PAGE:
Day Four – Scott Davison vs. Adrienne Bachman

October 8, 2015

Scott Davison, Newsminer Photo

Scott Davison, Newsminer Photo

The fourth day of proceedings in the Fairbanks Four case focused largely on the testimony of Scott Davison, who testified that Jason Wallace confessed his role in the Hartman killing just days after the murder to Davison and another student.

According to Davison’s testimony, he and a friend were sitting in a car in the Lathrop High School Parking lot just days after Hartman was murdered when Wallace jumped in and the three ditched school to smoke weed. When they were parked near the bowling alley a few blocks away, Wallace produced the local newspaper and told Davison and driver Matt Ellsworth that he and his friends were the ones truly responsible for killing Hartman.

Davison talked about his struggle to come forward, and that he believed Wallace’s threat to kill him if he did, then and now. In previous videotaped deposition, Mr. Davison said he felt blessed that the Innocence Project had tracked him down and allowed him to unburden himself of a secret that had tormented him for years. Davison  also outlined other attempts to come forward, most notably when he disclosed the Wallace confession to Officer Avery Thompson, who failed to record only that portion of the interview and did not pursue the information. Thompson blowing the information off, Davison said, was discouraging.

Officer Thompson took the stand briefly and denied much memory of the Davison statements, but came up stammering when the Fairbanks Four counsel produced a string of emails between he and his supervisor (as well as original investigator) Jim Geier to counter his claim that the one-time conversation was never expanded upon. He defended the failure to record the interview its entirety.

Davison’s former girlfriend and mother of his children took the stand as well to confirm that Davison had told her about the Wallace confession during their relationship, which spanned the late 1990’s and early 2000’s.

During cross-examination, State prosecutor belabored Davison’s inability to remember small details of his day or life in 1997 – how many credits he was taking that semester, for example, or small inconsistencies in his story – in one interview he described a man he confided the confession to as a friend, in another he described the man as an acquaintance. Davison defended his inability to remember such distant minutia, stating simply that perception is like that – that he had forgotten small details of the day but that Wallace’s confession was “tattooed into my mind.”

Bachman has previously attacked Davison from all angles, including rather dishonestly in the initial state response to the post conviction filing, and during questioning Davison was frank at his distaste for her tactics. “How is that relevant?” he asked when questioned about his children. He was consistently vocal about her questioning, and at one point when referring to a previous meeting with Bachman he stated that he hadn’t recognized her because she “had her nice face on” then. Judge Paul Lyle had to quell laughter from the public at the remark. In the end, Davison acknowledged his inability to remember some details, but was adamant about his testimony regarding the Wallace confession.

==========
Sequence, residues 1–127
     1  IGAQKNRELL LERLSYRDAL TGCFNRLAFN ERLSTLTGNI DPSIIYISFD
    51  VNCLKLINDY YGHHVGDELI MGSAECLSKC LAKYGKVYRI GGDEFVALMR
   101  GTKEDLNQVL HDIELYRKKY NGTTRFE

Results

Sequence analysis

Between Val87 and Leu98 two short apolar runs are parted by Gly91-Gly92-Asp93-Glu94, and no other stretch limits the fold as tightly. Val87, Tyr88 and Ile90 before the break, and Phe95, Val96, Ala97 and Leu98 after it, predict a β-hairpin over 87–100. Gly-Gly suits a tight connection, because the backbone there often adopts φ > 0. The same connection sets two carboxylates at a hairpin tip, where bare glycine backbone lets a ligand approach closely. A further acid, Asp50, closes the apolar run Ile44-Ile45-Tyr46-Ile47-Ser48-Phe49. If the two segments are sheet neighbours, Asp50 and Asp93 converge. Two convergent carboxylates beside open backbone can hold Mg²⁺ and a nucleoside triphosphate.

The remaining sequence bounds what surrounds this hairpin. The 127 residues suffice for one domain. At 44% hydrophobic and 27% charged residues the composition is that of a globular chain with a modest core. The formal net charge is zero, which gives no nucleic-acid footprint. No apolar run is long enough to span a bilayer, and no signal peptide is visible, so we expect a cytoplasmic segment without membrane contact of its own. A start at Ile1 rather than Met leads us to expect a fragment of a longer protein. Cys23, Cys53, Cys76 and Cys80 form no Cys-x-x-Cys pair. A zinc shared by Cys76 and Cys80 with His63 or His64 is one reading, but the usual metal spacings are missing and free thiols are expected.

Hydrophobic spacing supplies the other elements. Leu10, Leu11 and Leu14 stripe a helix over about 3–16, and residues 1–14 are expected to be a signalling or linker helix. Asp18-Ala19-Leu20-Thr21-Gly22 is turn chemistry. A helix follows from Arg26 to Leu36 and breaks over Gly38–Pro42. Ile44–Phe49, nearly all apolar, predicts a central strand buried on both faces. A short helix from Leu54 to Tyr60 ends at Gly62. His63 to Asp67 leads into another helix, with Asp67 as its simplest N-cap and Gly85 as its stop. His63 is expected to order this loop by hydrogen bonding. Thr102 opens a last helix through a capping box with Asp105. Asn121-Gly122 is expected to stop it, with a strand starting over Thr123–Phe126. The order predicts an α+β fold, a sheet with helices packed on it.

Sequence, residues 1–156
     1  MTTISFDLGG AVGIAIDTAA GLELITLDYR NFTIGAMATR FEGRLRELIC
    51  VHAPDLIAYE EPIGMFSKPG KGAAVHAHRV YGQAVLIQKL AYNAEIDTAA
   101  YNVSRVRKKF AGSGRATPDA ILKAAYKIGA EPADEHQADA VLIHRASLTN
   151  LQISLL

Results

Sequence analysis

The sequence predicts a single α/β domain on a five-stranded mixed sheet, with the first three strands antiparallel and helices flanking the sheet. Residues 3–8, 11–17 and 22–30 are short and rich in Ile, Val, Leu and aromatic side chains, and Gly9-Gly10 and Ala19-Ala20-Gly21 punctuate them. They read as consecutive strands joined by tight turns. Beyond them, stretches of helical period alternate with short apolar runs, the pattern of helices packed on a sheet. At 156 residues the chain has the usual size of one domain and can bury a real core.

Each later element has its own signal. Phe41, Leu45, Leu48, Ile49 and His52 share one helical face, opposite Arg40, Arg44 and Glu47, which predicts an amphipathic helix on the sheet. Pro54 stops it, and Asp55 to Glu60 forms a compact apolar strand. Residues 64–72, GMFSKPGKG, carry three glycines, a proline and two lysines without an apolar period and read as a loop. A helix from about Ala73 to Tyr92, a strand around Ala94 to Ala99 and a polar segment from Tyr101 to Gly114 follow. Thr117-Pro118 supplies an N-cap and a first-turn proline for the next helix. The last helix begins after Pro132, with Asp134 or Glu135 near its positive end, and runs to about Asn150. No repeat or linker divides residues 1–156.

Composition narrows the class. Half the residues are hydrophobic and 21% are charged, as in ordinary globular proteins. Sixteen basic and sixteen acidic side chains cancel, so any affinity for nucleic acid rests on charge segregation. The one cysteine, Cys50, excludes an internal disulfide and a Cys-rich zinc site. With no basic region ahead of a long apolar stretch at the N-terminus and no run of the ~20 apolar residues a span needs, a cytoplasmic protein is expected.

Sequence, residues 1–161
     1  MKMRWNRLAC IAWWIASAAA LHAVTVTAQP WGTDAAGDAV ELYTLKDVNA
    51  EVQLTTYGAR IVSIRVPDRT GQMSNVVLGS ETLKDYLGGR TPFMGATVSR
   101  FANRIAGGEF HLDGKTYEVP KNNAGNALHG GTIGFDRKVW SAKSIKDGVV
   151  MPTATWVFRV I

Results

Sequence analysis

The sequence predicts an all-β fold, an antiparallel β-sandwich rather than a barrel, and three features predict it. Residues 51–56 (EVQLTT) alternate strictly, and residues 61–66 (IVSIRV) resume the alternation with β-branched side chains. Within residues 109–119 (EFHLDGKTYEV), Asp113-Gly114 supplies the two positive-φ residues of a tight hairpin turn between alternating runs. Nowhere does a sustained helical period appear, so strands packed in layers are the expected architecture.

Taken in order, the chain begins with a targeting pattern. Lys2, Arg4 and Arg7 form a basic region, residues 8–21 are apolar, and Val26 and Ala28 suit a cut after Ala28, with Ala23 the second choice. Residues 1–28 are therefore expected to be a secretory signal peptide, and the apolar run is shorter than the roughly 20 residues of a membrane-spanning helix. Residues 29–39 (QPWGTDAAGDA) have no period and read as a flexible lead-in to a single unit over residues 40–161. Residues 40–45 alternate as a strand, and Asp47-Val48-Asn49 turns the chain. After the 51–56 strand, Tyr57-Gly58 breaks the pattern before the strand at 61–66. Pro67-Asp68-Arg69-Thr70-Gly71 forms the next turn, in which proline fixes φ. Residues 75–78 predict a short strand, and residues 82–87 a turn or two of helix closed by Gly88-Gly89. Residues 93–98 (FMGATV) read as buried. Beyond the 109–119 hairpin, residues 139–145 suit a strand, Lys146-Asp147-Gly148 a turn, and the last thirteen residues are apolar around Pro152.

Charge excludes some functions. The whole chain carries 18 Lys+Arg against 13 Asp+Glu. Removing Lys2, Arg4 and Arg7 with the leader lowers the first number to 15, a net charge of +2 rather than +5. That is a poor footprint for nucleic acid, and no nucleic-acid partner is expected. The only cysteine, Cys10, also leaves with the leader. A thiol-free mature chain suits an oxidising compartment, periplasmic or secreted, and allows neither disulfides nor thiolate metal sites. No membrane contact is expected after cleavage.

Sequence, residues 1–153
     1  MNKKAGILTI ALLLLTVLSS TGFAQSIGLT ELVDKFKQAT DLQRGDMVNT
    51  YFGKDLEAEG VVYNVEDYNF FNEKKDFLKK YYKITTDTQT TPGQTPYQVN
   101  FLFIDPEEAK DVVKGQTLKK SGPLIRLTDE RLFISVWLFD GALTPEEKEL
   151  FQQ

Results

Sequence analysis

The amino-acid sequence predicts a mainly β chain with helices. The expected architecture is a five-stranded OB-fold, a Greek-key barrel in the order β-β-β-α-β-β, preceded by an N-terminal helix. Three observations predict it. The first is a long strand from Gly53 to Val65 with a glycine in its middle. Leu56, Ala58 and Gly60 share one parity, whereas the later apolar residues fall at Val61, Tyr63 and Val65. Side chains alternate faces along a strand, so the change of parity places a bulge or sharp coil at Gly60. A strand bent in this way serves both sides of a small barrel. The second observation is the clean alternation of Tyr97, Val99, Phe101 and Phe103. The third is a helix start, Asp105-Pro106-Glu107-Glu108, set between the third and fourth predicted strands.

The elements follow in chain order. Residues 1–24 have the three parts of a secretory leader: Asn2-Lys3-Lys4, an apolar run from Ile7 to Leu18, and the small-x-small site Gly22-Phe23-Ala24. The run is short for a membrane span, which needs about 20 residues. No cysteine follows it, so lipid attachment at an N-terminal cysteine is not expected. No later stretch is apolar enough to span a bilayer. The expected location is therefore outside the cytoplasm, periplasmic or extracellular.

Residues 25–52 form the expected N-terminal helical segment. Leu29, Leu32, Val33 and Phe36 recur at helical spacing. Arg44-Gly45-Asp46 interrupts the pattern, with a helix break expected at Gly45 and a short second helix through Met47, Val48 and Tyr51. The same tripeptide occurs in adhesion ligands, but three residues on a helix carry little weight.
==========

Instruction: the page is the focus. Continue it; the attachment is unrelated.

“I am not lying. He confessed to me.” Davison reiterated.

Judge Paul Lyle is taking the approach of hearing everything and considering admissibility when proceedings finish. This leaves his decision solidly unpredictable, as it is possible that any of the witnesses will have testimony excluded from the decision. However, for the time being it allows for the testimony to be heard and as such become public, and Davison proved a powerful addition to the discourse.

A few links for news coverage:


5 thoughts on “Day Four – Scott Davison vs. Adrienne Bachman

  1. “Admissibility”?? Since when does it matter if the truth is legally admissible? The truth is the truth…and when you hear it, you know it. “Sorry, it is clearly the truth but it is inadmissible? This is not an acceptable way to interpret the law

    • It is a big ticket item. Prosecution is arguing that much of the testimony is hearsay. Hearsay can be broadly defined as an out-of-court statement – the report of one individual about the statements of another. There are plenty of exceptions, but it is the most vulnerable part of the case no doubt.

  2. In light of Arlo Olson’s recanting of his testimony from 1997. These young men need to be released. Officer Ring and Prosecutor O’Bryant should be on trial for obstructing justice, tampering with evidence and coercing testimony’s by using their positions of authority intimidation and undermining the public. Yes, someone should be in jail for the murder of John Hartman. However, the three men that are currently in jail and the young man who has just recently been released should not have been tried charged and convicted of the crime 30 years ago. They should have never been in Jail three trials and 36 jurors should have more sense than to believe the testimony of a person who was inebriated, looking 500 yards in the dark Fairbanks to positively identify 4 men. Not possible even if the man was sober.

  3. Pingback: Jason Wallace Granted Immunity in Hartman Murder | The Fairbanks Four

  4. Pingback: Day 16 – State of Alaska Calls Margaretta Hoffman, Others | The Fairbanks Four

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